The 2021 Edmonton International Fringe Festival is going ahead Aug. 12-22 but it will look different than in years past.
The hyper-local, live-digital hybrid event will have fewer indoor venues, reduced capacity and other safety measures in place.
“Fringers can expect to mask up, keep their distance and support one another in a safe return to live events,” artistic director Murray Utas said.
“Audience sizes will be limited to ensure everyone has lots of extra elbow room. All venues will be thoroughly sanitized before and after each performance.
“Access to ATB Park will be timed and ticketed to ensure we’re able to deliver the full Fringe experience and a spacious, safe event.”
The theme for 2021 is Together We Fringe: A Fringe Theatre Event.
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This year marks the festival’s 40th anniversary.
“Fringe will look and feel very different this year,” Utas said. “In fact, this year’s event will more closely resemble the very first Fringe Theatre Event in 1982 than the festival we knew and loved in 2019.”
In 2019, there were more than 250 indoor shows; this year, there are 53.
“We’re not going to kick the doors wide open,” Utas explained. “We’re not going to say: ‘We’re going to go 100 per cent capacity,’ even though we can. We want to keep that space.
“I think people are ready to come back together but we want to respect that they’ve been apart for so long.”
The Fringe is going to have fences around the festival site and tickets will be required to enter.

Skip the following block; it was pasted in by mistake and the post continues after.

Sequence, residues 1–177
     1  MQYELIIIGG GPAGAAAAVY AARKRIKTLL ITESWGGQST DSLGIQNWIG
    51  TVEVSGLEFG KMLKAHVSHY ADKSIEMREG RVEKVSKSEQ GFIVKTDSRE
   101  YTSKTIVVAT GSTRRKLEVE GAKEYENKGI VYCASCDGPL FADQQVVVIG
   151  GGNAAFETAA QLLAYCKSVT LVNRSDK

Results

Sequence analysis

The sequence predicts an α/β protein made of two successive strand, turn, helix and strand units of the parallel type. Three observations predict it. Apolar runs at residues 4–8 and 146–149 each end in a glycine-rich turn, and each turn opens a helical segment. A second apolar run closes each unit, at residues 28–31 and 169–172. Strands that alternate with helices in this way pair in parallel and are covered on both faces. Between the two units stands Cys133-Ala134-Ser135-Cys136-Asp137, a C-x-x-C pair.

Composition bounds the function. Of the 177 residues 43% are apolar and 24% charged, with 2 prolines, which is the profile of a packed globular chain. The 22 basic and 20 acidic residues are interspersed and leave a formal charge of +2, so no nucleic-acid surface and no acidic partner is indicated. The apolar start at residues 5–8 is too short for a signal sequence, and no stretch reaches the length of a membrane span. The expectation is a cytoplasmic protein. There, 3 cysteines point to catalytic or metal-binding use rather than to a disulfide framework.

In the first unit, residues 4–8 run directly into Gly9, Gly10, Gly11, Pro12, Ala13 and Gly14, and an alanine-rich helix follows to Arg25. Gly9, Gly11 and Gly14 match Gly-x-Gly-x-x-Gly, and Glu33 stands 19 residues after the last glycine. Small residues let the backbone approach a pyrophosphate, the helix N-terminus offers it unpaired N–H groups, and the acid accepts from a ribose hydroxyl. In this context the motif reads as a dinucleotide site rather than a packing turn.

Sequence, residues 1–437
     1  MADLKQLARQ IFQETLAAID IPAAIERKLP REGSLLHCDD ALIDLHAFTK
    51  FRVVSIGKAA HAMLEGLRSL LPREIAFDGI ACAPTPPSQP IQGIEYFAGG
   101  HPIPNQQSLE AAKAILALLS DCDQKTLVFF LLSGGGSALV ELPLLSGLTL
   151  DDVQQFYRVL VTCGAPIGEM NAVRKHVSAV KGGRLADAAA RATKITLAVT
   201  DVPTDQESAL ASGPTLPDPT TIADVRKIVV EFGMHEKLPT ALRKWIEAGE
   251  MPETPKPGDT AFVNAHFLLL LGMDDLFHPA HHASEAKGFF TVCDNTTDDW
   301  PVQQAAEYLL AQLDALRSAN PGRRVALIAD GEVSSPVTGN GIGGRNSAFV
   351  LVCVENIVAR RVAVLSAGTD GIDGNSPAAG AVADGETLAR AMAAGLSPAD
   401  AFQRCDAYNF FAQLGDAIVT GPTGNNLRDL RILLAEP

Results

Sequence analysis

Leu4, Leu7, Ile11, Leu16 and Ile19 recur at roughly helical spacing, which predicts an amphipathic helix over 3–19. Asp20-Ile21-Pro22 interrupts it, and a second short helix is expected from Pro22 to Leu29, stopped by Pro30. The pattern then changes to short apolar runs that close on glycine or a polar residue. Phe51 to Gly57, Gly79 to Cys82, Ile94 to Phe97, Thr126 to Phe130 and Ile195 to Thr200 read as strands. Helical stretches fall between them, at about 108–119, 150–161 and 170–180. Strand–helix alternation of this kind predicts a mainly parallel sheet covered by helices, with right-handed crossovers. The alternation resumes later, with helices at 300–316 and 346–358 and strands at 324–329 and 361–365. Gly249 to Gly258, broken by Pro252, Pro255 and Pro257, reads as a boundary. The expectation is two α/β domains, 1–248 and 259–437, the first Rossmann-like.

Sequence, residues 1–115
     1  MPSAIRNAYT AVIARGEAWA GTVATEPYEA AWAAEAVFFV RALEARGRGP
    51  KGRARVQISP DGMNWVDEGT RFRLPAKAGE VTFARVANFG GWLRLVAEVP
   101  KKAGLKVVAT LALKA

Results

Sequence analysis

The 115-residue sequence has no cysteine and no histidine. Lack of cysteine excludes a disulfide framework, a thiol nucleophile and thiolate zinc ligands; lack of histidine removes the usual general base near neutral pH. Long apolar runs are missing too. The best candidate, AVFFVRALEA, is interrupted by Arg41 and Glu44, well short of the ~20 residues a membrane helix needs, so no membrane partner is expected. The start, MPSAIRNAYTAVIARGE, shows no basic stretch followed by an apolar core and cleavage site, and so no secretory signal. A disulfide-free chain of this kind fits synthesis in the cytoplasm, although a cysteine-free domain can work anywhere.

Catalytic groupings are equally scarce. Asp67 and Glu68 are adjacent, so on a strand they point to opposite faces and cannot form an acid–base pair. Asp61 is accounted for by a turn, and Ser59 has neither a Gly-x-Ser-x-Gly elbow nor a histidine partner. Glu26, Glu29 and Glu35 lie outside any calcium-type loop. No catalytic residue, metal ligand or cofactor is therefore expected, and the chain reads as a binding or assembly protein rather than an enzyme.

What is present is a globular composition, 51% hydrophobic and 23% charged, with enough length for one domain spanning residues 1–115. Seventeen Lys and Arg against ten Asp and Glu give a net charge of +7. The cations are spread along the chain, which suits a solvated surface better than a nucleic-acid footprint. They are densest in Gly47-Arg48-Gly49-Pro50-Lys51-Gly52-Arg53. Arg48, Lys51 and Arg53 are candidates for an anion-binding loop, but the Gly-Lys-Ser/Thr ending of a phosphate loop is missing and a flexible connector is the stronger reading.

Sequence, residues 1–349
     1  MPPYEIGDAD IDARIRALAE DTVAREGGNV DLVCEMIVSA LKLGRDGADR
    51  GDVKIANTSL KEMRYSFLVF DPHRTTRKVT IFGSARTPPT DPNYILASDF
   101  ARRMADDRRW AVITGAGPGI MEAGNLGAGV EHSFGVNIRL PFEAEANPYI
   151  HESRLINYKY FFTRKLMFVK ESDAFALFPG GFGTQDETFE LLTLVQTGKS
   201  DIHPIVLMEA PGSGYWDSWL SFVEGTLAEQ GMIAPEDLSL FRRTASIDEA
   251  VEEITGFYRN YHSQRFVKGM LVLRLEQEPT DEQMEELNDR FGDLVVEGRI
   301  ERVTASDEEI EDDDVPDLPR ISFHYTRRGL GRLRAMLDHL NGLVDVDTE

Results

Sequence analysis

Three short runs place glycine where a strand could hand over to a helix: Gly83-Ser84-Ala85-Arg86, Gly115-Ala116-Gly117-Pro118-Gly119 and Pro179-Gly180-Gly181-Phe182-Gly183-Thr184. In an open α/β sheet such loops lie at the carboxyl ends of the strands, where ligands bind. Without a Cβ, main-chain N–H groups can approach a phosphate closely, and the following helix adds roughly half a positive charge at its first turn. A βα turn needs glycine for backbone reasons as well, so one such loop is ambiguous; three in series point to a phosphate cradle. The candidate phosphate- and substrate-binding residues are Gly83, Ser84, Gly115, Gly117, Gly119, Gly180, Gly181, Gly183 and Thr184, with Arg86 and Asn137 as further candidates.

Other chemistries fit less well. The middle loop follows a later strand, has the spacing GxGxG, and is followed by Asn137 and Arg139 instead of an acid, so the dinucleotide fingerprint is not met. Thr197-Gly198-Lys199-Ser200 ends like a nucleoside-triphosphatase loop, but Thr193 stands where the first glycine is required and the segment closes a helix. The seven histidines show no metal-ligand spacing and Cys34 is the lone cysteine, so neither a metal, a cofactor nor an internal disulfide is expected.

“We’re not encouraging gatherings or crowds in any kind of way; everything is ticketed,” Utas said.
Masks must be worn during indoor shows and when in close contact with vendors or performers. There will be more outdoor options — including an outdoor stage in the park for live bands — as well as on-demand and livestream content streamed on Fringe TV.
“We are safely, mindfully bringing the community back together again.
“There are countless ways to fringe with us this year no matter whether you’re ready to return to smaller-scale live events or want to share in the experience from the other side of your screen,” Utas said.
There are even some performers who just aren’t ready to come back to the stage yet, he said. The smaller size means fewer artists will be featured in this year’s event.
“There’s so many that won’t have an opportunity in some ways, which is sort of not great, but at the same time, all the artists that have been on board and all the artists who are waiting to come back next year are saying: ‘We get it and we’re with you and we respect that you’re doing it this way.’”
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While the province lifted most public health restrictions on July 1, Utas says the Fringe wanted to find a balance between safety and celebration, while respecting everyone’s different comfort levels.
“This is an opportunity for us to connect artists and audiences again and be safely together after a long and isolating time.”
“Our industry was literally shut down completely,” he added. “Artists did some work online and figured out some digital stuff but we’re not film, we’re not Netflix we’re not any of that, so it was really wonderful to see them dig in and create but they have just been waiting to get back on a stage and connect with people.”
Utas feels the 40-year milestone is coming at a significant time.
“For our city, for Treaty 6 area, what it means to the community, and coming back now out of this place that we’ve been in and kind of honouring where we came from, I think there’s real resonance in that. I think it will speak to people’s hearts.”
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